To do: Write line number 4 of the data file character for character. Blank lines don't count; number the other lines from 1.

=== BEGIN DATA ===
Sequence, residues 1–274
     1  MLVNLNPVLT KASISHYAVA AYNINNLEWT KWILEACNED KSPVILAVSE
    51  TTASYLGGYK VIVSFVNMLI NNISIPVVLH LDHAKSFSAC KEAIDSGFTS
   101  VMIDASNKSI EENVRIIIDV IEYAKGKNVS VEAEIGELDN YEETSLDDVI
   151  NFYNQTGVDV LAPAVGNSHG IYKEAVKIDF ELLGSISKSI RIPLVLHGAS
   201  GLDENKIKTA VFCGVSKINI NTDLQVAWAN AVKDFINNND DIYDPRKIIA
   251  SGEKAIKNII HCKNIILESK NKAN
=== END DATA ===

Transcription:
   101  VMIDASNKSI EENVRIIIDV IEYAKGKNVS VEAEIGELDN YEETSLDDVI